The University of Massachusetts is offering a new professional development program aimed at bringing educators to a common level of knowledge about resistance management: at this websiteResistance management the topic of highly needed IPM training session in the Northeast
It is not often that attempts are made to unify groups and individuals around a controversial topic, yet that is the goal of a professional development program being offered by the University of Massachusetts. Resistance management has long been a focus of integrated pest management or IPM and now a new series of webinars will attempt bring educators to a common level of knowledge for unifying programs aimed at helping constituents growing fruits and vegetables.The four part webinar series will include experts discussing general resistance management and specific topics related to fungicide, insecticide, and herbicide resistance using an IPM approach. It is expected that the series will result in increased understanding of pesticide and resistance modes of action, allow participants to better educate growers about resistance management, and promote the use of IPM as a consistent and comprehensive approach to slow the development of pesticide resistance, improve pesticide efficacy and longevity, environmental stewardship, and farm sustainability.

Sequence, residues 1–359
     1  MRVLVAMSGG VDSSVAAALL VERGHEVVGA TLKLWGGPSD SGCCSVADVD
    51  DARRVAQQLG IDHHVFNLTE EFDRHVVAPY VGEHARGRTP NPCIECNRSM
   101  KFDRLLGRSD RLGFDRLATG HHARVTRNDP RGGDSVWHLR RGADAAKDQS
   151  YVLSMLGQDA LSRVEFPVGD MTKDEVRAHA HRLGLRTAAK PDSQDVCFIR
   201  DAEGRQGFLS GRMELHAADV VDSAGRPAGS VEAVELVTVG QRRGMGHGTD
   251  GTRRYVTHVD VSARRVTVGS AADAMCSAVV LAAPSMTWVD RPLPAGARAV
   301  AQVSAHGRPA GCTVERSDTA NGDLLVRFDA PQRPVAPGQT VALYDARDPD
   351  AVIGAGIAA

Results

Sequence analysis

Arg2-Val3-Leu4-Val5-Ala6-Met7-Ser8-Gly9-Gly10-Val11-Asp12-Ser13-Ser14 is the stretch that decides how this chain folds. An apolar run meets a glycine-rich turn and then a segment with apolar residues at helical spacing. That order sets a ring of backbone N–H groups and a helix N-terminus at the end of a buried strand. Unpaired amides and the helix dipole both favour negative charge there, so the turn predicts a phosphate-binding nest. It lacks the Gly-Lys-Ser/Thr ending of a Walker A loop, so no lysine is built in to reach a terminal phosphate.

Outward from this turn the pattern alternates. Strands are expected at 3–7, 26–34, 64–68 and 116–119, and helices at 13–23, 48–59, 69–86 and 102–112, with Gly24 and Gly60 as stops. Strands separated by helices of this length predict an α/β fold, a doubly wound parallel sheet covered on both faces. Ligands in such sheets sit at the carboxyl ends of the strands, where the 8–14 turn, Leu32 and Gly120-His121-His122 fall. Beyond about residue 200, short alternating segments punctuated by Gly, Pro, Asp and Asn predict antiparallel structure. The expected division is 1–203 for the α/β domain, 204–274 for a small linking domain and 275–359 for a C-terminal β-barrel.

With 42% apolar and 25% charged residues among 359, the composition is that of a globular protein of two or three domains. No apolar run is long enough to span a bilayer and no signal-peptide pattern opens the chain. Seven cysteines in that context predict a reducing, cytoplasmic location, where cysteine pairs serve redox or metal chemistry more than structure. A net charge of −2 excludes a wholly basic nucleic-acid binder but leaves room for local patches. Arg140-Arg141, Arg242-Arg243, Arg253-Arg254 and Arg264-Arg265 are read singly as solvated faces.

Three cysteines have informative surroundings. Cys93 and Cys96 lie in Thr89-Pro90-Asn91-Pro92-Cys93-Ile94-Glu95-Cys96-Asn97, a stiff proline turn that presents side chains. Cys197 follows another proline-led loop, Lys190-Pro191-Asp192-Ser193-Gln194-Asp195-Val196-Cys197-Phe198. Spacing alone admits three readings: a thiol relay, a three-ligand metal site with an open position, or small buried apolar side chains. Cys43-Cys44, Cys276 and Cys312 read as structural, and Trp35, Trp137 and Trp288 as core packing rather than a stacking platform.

“This has been a topic that Extension professionals have asked for training on and we’re trying to provide that,” says Hilary Sandler, University of Massachusetts Cranberry Station researcher and project leader. In a recent survey, over 90% of respondents from the Extension field were concerned about resistance management issues, yet less than half felt they were well-prepared to teach about it. “We want to change this,” says Sandler, “and one of the best ways is to bring in experts to share the IPM science that is best for addressing resistance issues.”
The upcoming webinars are scheduled to begin on Nov. 30 and will continue through December. The entire webinar series is free and open to Extension specialists, as well as growers, farmers, and anyone working in vegetable and fruit production in the Northeast or across the country. All of the details including registration information can be found at the University of Massachusetts website or by contacting Hilary Sandler (email@example.com or 508-295-2212 x21).